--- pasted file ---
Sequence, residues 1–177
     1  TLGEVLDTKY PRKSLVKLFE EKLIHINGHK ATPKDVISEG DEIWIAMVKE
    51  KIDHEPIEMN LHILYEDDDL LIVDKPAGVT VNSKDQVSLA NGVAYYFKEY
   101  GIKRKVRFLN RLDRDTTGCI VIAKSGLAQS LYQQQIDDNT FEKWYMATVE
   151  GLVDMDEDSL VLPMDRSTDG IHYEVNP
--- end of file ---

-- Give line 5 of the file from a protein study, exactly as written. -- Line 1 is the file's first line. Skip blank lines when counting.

   151  GLVDMDEDSL VLPMDRSTDG IHYEVNP